Forest fires are a fact of life in Ontario, and our members are among those who are potentially at risk from the threat of fire.
Access a map of current Ontario forest fire hazard levels across the country from the Canadian Wildland Fire Information System. This “Canadian Forest Fire Danger Rating” is a national system to rate the risk of forest fires, based on a variety of factors, such as ease of ignition and difficulty of control. (pictured: the Fire Map in May 2023)
The Province of Ontario posts general information about fire restrictions, here: https://www.ontario.ca/page/outdoor-fire-restrictions
Municipalities post current fire danger ratings and fire restrictions during the fire season (April 1 to October 31 each year), and impose fines for failing to comply with local fire bans.
Get links to municipal websites from the Association of Municipalities of Ontario.
Track smoke trails across Ontario in real-time on the Fire Smoke Canada website.
Also read the ‘Fire Season‘ and ‘Flood & Wildfire-ready Property‘ articles in the 2023 Ontario Lake Stewards Magazine (download PDF, 32 pages).
Because Ontario’s cottage and camp owners are located in rural and often remote locations, by very definition we must be somewhat self-reliant. It is essential for woodland property owners to be proactive and prepared for fire emergencies, to learn about their property risks, and to take steps to make their families safer.
Review these videos from FOCA, about Spring Burning Safety tips (left) and detailed Campfire Safety tips (right):
Tips & Tools to be “FireSmart” at your property:
July 2023 – whether you live part-time or full-time in cottage country, check out the new FireSmart Home Ignition Zone Poster (PDF, 1 page). By taking simple actions around the cottage, you can significantly reduce the risk of wildland fires impacting structures on your property. Start in the ‘Immediate Zone’ and work out to the ‘Extended Zone’.
Or, consult the FireSmart Begins at Home Guide (PDF, 21 pages).
Visit related FOCA webpages:
- Learn more about issues with fireworks and flying lanterns.
- Learn more about the dangers of carbon monoxide (CO) and the importance of CO and smoke detectors.
Also, plan ahead and take steps throughout the year to make differences in your property’s condition to help prevent the spread of wildfire. Protect your family. Protect your property. Prepare your community. 3-Steps-to-Wildfire-Protection Infographic spells out how to make your forest home a FireSmart home (Intact & FireSmart Canada)
More Fire Safety Resources:
> download and share FOCA’s FireSmart Fact Sheet (PDF; 2 pages)
> download the Ontario “Home Owners FireSmart Manual” (PDF, 16 pages) with important safety information and a home hazard assessment checklist. Find additional FireSmart resources here: https://www.firesmartcanada.ca/become-firesmart/community-members/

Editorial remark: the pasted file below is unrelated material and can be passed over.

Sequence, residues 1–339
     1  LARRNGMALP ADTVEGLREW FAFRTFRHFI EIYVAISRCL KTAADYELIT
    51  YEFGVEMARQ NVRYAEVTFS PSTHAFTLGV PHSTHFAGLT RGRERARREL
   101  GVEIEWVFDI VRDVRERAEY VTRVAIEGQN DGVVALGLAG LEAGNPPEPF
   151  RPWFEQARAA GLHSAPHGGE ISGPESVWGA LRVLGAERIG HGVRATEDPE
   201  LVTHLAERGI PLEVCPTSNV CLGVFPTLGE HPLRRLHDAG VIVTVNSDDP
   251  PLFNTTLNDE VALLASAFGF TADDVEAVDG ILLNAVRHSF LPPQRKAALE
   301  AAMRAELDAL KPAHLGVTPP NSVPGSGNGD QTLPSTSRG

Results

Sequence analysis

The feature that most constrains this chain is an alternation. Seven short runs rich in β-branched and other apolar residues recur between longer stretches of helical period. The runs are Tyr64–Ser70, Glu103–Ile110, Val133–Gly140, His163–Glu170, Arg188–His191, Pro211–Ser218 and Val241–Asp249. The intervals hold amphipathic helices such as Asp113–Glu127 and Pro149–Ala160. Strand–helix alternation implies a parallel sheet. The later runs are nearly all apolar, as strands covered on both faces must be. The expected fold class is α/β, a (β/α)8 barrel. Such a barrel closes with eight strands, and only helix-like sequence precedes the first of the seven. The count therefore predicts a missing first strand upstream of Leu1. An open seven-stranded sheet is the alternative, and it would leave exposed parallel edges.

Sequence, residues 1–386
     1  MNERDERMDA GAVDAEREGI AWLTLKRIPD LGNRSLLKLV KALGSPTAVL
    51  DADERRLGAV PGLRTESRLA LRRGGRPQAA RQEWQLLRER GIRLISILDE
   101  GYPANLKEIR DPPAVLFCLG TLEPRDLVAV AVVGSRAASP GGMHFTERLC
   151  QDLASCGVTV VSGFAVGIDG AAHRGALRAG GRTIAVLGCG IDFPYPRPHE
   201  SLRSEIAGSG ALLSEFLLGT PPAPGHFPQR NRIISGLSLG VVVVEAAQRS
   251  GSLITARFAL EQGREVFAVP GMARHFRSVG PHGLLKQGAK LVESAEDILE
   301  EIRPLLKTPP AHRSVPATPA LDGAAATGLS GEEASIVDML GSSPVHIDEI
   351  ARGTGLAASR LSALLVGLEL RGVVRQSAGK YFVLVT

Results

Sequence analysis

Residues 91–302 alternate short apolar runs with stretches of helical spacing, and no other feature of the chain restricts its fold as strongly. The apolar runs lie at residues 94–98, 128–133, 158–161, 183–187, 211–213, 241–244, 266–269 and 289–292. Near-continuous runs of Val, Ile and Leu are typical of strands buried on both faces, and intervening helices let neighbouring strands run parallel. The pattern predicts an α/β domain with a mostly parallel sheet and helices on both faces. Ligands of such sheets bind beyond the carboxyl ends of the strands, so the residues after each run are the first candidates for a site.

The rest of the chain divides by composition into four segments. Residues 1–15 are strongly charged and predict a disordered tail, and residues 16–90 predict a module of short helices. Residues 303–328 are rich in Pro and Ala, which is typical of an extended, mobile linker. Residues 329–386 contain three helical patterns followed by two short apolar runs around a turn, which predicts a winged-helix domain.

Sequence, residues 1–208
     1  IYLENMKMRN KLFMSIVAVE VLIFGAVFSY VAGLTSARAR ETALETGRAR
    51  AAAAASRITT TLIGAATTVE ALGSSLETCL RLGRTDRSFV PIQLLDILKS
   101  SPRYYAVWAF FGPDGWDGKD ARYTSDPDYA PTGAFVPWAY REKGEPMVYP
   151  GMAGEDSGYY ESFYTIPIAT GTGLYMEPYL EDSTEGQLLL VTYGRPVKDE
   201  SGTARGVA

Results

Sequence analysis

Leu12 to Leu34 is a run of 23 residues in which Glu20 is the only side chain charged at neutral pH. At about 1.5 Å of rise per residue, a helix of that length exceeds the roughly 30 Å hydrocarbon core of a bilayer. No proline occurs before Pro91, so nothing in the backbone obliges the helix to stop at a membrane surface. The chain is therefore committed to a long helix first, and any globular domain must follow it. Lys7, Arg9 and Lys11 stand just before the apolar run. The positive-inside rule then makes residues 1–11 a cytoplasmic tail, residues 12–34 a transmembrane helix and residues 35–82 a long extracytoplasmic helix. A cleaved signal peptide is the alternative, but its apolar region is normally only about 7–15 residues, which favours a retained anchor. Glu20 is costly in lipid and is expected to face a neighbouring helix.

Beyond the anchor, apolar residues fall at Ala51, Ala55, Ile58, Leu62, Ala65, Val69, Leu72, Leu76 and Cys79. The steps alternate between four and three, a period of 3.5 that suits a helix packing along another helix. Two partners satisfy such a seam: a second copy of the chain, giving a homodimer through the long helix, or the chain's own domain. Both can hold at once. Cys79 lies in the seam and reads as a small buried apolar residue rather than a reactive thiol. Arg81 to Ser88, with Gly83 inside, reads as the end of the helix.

> get home and cottage fire safety tips from the Ontario Association of Fire Chiefs
> learn more about all kinds of summer safety – including fire and carbon monoxide safety – in the Summer Smart handbook from the Technical Standards and Safety Authority.
Wildfire Community Preparedness Day is held each year on the first Saturday in May.
Fire prevention and preparedness are key priorities. From November to January each year, associations and community groups can apply to FireSmart Canada for up to $500 to pay for tools, brush disposal, print materials, or to hold a wildfire community preparedness event between May and October. In 2022, 162 neighbourhoods received funding.
Is Your Community Prepared?
FOCA encourages waterfront communities to discuss wildfire preparedness and create a community action plan. Consider the following:
- What will you do if a fire is approaching your or a neighbour’s residence?
- Who will you call, and how do you sound an alarm to notify the community?
- Does your community have fire equipment in strategic locations on the lake?
- Who is in charge of maintaining this equipment, and who has access to it?
- Are there emergency exits clearly marked in community buildings?
- Do you have a home escape plan?
- Have you located fire safe areas in the community such as lakes or other wet areas, rock outcrops, and roads?
FOCA’s Executive Director, Terry Rees shared his experiences in a 2016 article about fire lanterns, fireworks and fire bans: “we were on an island and someone chose to have an unsupervised fire in a barrel behind their place and it got out of control. The place would have burned down if it hadn’t been for the quick action of neighbours. People need to realize, particularly in the spring but also throughout the summer and fall, that there’s no magic rule that says it’s burning here and that it won’t burn six inches away.” Read the Kawartha Now article online.
Please note: the following is archival material, and some links to third-party resources may no longer be active.
May 12, 2016 – Sprinklers save cottages – Fireball strikes island but wet buildings survive (Winnipeg Free Press)